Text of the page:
Now in its 14th year, Art Basel Miami Beach, the annual megafair that entices the global art world to alight on the tropical city, has become synonymous with the art market, celebrity, and non-stop partying. The fair has spawned nearly 20 satellite fairs, numerous pop-up galleries and special exhibitions throughout Miami that jostle for attention all week long. Art Basel remained true to its identification with luxury this year, offering Ruinart champagne from pushcarts found throughout the Miami Beach Convention Center’s aisles. Despite such distractions, however, the fair did not disappoint in its presentation of some of the best modern and contemporary art from around the globe.
The massive fair, featuring 267 galleries from 32 countries, was split into several sectors, including Galleries, the main, largest sector; Edition, featuring prints and limited edition works; Survey, consisting of 14 exhibitions of historically informed works; Positions, curated booths focusing on emerging artists; and Nova, a platform for younger galleries to present new work by up to three artists. In addition, the project-based Kabinett, Film, and Public sectors, along with Conversations and Salon panel discussions and talks, rounded out a full, stimulating program.
The endless maze of booths at Art Basel can be numbing, but key works and displays jumped out. Pace Gallery’s booth was almost entirely devoted to Louise Nevelson’s black sculptures from the 1950s to the 1980s, including large wall pieces and small sculptures on pedestals. Several galleries featured works by Frank Stella, whose current retrospective at the Whitney Museum of American Art in New York most likely ignited interest in this work. Peter Freeman’s booth was dominated by Jimmie Durham’s 2007 Still Life with Xitle and Spirit, a car smashed by a 9.5 ton volcanic rock. Neon works were on display in several booths, including Tracey Emin’s wall of phrases such as To Have Your Soul at Lehmann Maupin and Tavares Strachan’s Us, We, Them, a Venn diagram illustrating the intersection of social identities at Fergus McCaffrey.
New works by established artists seemed to proliferate. For example, Come Out #17 by Glenn Ligon provided a background for Matthew Barney’s bronze Water Cast 9 at Regen Projects. Sheila Hicks’ Safe Passage, a large, richly textured wall piece, combined thread-wrapped fibers in an array of colors at Sikkema Jenkins. Gillian Wearing’s Rock & Roll 70 at Tanya Bonakdar Gallery showed different versions of how the artist might look at 70 years old. Philippe Parreno’s Speech Bubbles (a fuschia version of his recurring work) lined the ceiling of Esther Schipper’s booth, perhaps summing up the simultaneity of thought and sociability that defines Art Basel.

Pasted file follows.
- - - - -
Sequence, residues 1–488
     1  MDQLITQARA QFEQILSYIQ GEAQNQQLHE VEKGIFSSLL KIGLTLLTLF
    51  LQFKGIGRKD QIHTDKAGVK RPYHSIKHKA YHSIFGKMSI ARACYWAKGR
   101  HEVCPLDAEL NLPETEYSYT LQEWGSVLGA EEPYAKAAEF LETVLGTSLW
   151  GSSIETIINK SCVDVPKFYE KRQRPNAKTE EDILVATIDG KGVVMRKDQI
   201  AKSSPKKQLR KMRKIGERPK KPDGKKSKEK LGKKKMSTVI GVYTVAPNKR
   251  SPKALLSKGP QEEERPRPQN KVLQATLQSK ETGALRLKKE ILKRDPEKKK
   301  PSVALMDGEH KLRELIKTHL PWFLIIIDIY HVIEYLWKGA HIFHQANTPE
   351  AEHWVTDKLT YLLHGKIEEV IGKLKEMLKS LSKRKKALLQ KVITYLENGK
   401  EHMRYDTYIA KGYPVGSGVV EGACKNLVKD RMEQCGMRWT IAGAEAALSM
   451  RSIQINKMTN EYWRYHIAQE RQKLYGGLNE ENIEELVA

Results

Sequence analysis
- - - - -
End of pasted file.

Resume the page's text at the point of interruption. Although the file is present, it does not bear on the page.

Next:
Emerging artists such as Charlie Billingham at Supportico Lopez in the Nova sector showed an installation of his figurative, historically inspired drawings on flamingo-patterned wallpaper. At Rhona Hoffman Gallery, Deana Lawson’s photographs that investigate black aesthetics in domestic environments were striking for the subjects’ command of their spaces.
The windowless convention center can induce a need to breathe fresh air. The Public sector, curated by Nicholas Baume, featured 27 site-specific installations and performances in nearby Collins Park, a pleasant stroll from the main fair and close enough to the beach to feel the ocean breeze. Works by Tony Cragg, Ishmael Randall-Weeks, Sterling Ruby, Ursula von Rydingsvard and others dotted the park outside the Bass Museum of Art, which is currently being renovated. Sylvie Fleury’s Eternity Now, a neon sign on the façade of the museum, ironically suggests the possibility of a present and future all at once. How appropriate for Art Basel Miami Beach, where contemporaneity seems to last forever, even if only for one week.
Art Basel Miami Beach, December 3 – 6, 2015, Miami Beach Convention Center.
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1. Esther Schipper © Art Basel, Courtesy of Art Basel.